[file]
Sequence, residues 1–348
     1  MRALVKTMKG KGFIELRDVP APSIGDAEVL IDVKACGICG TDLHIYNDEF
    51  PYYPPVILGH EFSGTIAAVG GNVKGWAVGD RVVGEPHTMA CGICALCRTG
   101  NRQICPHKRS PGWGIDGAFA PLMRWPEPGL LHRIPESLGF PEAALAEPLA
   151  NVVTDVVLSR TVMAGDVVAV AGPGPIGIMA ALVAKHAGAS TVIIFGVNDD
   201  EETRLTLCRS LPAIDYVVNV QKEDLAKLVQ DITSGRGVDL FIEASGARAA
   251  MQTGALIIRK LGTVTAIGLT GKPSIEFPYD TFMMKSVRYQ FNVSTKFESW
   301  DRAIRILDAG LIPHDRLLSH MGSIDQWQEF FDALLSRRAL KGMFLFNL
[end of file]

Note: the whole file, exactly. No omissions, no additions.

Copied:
Sequence, residues 1–348
     1  MRALVKTMKG KGFIELRDVP APSIGDAEVL IDVKACGICG TDLHIYNDEF
    51  PYYPPVILGH EFSGTIAAVG GNVKGWAVGD RVVGEPHTMA CGICALCRTG
   101  NRQICPHKRS PGWGIDGAFA PLMRWPEPGL LHRIPESLGF PEAALAEPLA
   151  NVVTDVVLSR TVMAGDVVAV AGPGPIGIMA ALVAKHAGAS TVIIFGVNDD
   201  EETRLTLCRS LPAIDYVVNV QKEDLAKLVQ DITSGRGVDL FIEASGARAA
   251  MQTGALIIRK LGTVTAIGLT GKPSIEFPYD TFMMKSVRYQ FNVSTKFESW
   301  DRAIRILDAG LIPHDRLLSH MGSIDQWQEF FDALLSRRAL KGMFLFNL